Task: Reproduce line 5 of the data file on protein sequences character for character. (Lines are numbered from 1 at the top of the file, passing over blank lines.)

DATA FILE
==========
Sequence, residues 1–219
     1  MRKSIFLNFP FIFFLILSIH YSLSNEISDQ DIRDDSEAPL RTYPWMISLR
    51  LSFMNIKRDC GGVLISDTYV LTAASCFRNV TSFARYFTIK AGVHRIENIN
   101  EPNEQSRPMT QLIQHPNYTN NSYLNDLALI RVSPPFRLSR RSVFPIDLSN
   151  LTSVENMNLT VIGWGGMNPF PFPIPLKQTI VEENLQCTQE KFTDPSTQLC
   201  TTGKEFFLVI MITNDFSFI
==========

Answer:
   151  LTSVENMNLT VIGWGGMNPF PFPIPLKQTI VEENLQCTQE KFTDPSTQLC